Jan Serfontein appears to be the forgotten man of Springbok rugby, since taking up residency in France in 2017 as Damian De Allende rose to the top as one of the world’s best inside centres. But why settle for only one of the best when we could have two? By Oliver Keohane.
Those watching the European Challenge Cup Final on Friday would have seen South Africans guide Montpellier to victory over Leicester, with a marked moment being the break, fend and offload from Jan Serfontein to set up fellow former Springbok Johan Goosen for a the try that would take them to 18-17 and ultimately win them the game. Goosen returns to South Africa later this year to play for the Bulls, and while Serfontein will continue to soar in France, one would hope (and think) that he is in the Springbok consciousness.
Serfontein has been brilliant in France, and has thrived in a backline that boasts Handre Pollard and Cobus Reinach, two players certain to be in the Springbok fold come the British & Irish Lions tour in July. While Damian De Allende has continued his superb Springbok form for Munster, South Africa’s next best option at inside centre is certainly Serfontein.
And this is they key, selecting Serfontein does not mean substituting De Allende. Especially in a tour year, depth is needed. Like-for-like depth is needed. Serfontein, in combination with, not at the expense of De Allende, would have a very important role to play for the Springboks this year and in the future.
Serfontein provides for the Springboks a physicality and go-forward akin to De Allende’s, with their style of play being similarly confrontational. What they are both very good at, and what is necessary within a Springbok style of play, is straightening the line, often breaking the first tackle and setting up either the inside or outside runner with a pass. Serfontein’s try assist in Friday’s Cup Final showed a prime example of this.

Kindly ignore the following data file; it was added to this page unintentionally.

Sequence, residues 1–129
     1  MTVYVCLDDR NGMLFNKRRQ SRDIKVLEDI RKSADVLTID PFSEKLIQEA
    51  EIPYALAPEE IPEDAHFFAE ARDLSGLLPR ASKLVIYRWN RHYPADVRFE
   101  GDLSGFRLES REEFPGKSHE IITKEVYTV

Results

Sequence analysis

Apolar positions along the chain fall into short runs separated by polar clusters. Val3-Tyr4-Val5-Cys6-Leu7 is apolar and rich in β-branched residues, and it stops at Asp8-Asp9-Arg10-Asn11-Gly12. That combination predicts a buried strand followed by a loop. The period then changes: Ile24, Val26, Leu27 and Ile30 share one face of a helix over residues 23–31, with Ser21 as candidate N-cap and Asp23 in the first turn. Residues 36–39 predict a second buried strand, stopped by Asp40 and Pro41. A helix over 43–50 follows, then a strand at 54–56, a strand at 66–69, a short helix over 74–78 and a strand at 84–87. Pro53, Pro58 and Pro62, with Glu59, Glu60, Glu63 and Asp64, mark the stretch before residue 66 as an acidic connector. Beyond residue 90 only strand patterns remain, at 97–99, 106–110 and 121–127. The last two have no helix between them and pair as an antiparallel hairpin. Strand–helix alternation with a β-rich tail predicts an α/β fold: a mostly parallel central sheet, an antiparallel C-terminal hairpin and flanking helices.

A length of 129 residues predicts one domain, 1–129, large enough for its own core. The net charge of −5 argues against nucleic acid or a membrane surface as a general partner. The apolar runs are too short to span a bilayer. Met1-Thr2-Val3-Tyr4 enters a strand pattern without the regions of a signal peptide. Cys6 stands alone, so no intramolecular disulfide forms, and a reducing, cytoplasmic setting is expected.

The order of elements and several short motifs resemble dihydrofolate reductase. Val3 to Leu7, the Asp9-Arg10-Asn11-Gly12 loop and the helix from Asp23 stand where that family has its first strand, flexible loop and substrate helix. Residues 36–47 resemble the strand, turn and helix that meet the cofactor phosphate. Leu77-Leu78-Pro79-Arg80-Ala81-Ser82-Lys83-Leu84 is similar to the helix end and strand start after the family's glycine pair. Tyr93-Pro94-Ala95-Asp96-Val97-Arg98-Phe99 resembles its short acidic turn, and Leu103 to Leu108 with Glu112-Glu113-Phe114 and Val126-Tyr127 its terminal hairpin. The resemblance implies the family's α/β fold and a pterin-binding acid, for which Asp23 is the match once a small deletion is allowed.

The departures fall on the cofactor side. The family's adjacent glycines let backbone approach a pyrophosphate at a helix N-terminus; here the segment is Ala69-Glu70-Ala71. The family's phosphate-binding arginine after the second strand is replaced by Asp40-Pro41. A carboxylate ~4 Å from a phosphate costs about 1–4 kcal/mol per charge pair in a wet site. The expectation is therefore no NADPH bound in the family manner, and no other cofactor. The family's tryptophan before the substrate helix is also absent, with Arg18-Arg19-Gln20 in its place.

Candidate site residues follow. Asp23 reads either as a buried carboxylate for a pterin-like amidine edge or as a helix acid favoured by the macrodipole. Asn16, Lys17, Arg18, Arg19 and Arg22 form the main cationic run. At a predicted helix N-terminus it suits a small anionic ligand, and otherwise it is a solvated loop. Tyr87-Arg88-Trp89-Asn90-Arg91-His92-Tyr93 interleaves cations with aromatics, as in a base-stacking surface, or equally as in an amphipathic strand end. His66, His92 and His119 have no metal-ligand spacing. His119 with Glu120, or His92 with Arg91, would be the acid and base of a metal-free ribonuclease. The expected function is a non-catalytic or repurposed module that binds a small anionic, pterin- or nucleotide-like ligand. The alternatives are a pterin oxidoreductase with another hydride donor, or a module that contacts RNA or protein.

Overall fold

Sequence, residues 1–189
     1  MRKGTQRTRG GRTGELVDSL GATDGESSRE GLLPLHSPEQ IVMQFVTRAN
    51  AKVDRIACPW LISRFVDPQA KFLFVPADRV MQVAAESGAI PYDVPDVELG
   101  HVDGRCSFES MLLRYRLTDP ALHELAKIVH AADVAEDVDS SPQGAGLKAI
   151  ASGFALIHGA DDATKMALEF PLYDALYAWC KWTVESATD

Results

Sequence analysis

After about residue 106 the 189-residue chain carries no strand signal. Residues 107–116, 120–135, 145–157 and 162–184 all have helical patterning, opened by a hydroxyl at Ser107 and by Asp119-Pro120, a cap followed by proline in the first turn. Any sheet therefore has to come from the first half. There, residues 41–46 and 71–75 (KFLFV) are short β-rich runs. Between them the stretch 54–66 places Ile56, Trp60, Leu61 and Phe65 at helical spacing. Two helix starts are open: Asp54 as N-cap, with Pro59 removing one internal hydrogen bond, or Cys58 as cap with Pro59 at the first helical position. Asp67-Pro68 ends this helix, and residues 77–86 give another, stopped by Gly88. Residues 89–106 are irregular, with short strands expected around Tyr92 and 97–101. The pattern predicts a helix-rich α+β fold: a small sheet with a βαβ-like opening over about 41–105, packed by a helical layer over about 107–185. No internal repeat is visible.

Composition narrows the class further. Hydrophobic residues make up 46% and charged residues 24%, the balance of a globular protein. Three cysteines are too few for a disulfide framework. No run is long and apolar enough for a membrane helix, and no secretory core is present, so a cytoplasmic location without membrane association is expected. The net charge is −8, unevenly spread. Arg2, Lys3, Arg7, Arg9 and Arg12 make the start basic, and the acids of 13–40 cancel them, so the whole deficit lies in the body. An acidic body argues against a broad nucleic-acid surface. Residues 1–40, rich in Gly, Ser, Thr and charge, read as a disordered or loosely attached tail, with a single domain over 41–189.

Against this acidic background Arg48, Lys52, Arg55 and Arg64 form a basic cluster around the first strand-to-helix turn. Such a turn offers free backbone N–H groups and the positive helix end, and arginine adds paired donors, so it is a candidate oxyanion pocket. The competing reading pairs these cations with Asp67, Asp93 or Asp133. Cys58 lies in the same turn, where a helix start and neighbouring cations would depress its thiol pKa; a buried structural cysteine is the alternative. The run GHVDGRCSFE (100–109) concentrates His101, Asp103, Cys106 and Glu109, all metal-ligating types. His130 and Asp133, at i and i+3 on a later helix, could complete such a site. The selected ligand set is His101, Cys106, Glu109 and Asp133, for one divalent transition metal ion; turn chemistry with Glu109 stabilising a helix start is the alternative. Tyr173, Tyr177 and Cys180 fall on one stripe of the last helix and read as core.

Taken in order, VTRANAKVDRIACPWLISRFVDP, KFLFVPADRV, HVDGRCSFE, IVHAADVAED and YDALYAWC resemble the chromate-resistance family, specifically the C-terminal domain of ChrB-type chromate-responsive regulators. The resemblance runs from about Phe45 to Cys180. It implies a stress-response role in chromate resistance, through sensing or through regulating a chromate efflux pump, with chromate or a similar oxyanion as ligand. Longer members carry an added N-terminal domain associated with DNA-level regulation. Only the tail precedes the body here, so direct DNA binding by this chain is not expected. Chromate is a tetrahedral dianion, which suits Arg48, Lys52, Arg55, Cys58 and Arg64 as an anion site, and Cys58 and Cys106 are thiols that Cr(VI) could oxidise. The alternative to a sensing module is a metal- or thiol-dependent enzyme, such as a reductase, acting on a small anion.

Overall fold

WATCH: Serfontein assists Goosen for match-winning try
In selecting Serfontein, Nienaber would be recruiting a talent who specialises at inside centre but is equally adept at outside centre. This would give breathing room to the axis of Am and De Allende, and open up the possibilities for alternative combinations.
Serfontein, who was named IRB Junior Player of the Year in the 2012 tournament which was won by the Baby Boks, is now only 28 years old. He has 35 tests and five international tries to his name, and this is after not having been involved in the international set up since his last game in 2017 against the All Blacks, where he was a phenomenal presence.
To seek out Serfontein is not to overlook the qualities of Cornal Hendricks as a second option, and I don’t think it has to be a choice as both players offer great versatility in being able to cover 12,13 and even wing. I do think, though, that Jan Serfontein is on par with Damian De Allende, in both style and quality, and I think that to continue to keep him out of South African consciousness would be a terrible mistake when he could play such a crucial role within the Springbok cause for the next couple of years.
WATCH: Serfontein’s last Springbok test, where he dominated the All Blacks at Newlands